Delve beneath the Eternal City to explore the expansive labyrinths that lie beneath through our Rome catacombs tours. A rich vein of history runs through the roads outside Rome. Burial was forbidden within the walls of the city, unless you were fortunate enough to be a Caesar. The fear of disease and cross contamination meant that vast necropolises – cities of the dead – appeared around the outskirts of ancient towns and cities, as the final resting places of the city’s inhabitants.
As Rome’s first and foremost ancient road, the Old Appian Way became prime post-mortem real estate for Rome’s rich and famous. Cycle down it today and you’ll be treated to the same sights that greeted travellers 2,000 years ago. Monumental burial structures, like the tomb of Cecilia Metella, and more modest inscriptions detailing the lives and legacies of those lost, stand side by side, stretching all the way down to Castel Gandolfo. But scratch beneath the surface, bury beneath the ground, and you’ll find that alongside the road are several catacombs, each of which houses thousands of ancient remains.
The origins of Rome’s catacombs
Uncovered by accident in the 16th-century, the Catacombs of Rome date back to the early 2nd-century BC and are most famous for Christian burials, but people of all religions can be found buried there. There is said to be at least 40 catacombs that run beneath the city, many of which have only recently been discovered. These catacombs are mostly excavated from the local tuff, or volcanic rock, and are most noted for Christian burials.
The name of the catacombs is interesting in itself. The word comes from two ancient Greek words, katà and kymbe, meaning ‘close to the quarry.’ Translating into Latin as catacumbas, the term was fittingly descriptive. For before being used as a place of burial, Rome’s first catacombs, the Catacombs of Saint Sebastian, were a quarry, from which the Romans extracted pozzolana (volcanic ash) which, when mixed with water, formed a kind of cement.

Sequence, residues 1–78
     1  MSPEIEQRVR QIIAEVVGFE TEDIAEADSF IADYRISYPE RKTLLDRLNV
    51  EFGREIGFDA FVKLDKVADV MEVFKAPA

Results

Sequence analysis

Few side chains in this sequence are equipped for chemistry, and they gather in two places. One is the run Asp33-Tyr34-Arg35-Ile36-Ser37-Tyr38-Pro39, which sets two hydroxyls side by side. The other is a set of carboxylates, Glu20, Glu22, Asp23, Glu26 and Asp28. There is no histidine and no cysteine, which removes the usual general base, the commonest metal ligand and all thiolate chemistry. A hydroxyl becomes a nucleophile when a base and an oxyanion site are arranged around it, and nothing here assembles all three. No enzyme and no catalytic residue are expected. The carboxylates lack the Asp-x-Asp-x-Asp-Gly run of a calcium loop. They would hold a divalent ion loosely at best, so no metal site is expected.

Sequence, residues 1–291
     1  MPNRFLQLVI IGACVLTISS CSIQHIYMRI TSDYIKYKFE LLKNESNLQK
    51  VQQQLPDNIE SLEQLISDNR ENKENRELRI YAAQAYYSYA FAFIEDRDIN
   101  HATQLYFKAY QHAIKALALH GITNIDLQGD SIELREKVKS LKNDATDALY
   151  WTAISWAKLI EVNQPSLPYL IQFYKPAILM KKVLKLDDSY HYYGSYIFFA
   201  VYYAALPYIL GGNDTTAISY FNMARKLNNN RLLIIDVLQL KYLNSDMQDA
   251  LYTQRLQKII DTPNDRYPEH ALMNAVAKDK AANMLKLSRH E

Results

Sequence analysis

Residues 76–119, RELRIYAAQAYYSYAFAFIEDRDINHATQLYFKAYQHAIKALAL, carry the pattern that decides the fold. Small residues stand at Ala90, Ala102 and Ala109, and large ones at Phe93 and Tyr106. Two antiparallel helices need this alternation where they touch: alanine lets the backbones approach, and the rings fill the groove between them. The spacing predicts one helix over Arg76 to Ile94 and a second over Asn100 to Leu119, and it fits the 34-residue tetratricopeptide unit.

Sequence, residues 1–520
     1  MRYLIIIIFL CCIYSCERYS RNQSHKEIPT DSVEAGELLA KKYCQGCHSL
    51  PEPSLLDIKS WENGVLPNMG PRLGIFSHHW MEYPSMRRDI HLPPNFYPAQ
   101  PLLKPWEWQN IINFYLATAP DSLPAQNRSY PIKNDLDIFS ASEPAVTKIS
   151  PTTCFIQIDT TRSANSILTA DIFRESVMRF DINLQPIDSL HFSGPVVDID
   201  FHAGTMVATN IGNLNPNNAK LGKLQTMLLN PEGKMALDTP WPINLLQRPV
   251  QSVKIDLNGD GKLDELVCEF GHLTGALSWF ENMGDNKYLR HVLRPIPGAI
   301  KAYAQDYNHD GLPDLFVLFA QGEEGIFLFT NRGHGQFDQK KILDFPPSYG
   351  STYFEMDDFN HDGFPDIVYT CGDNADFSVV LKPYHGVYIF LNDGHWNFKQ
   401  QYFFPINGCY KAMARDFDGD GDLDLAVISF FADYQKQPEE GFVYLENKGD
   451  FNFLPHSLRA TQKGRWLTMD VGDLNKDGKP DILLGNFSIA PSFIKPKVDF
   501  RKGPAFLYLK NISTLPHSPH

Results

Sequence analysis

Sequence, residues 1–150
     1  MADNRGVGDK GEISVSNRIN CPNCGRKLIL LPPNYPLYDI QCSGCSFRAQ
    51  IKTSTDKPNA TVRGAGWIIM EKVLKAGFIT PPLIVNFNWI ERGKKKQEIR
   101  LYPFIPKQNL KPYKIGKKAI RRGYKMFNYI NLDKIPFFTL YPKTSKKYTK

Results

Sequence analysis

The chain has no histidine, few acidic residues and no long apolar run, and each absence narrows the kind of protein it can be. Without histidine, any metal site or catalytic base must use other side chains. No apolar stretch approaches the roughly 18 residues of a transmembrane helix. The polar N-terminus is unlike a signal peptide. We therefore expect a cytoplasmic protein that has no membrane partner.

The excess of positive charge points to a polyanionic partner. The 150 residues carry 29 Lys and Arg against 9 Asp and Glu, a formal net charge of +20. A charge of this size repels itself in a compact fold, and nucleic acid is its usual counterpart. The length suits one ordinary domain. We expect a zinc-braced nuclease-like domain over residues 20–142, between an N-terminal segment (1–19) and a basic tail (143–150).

The custom of burying the dead underground originated with the Rome’s forebearers, the Etruscans. The later Romans continued this custom, but introduced cremation and placed the ashes into pots or urns in a columbarium—an underground version of a mausoleum. Inhumation, or the burial of unburnt remains, became more fashionable towards the end of the 2nd-century AD. And so graves and sarcophagi, ranging from simple to elaborate depending on the wealth of the deceased, became commonplace.
Venture beneath the earth on our Rome catacombs tours
Walks Inside Rome offers two main catacombs tours. Our first guides you through one of Rome’s main Christian catacombs – the Catacombs of San Sebastiano or San Callisto. Descending from the entrance on Rome’s Appian Way, you’ll explore their darkened corridors with your expert guide. The bodies that once lined their cavities are – mercifully – long gone, but the catacombs make for a fascinating visit, helping us understand the importance of Christianity in ancient Rome.
Some are heavily decorated while others are plain, an indication of the hierarchy of the catacombs. The catacombs are always a hit with kids and families: there’s something about their macabre purpose and the spookiness of these underground tunnels that holds a particular allure for children. Just be sure they stick close to you as the catacombs stretch on for miles!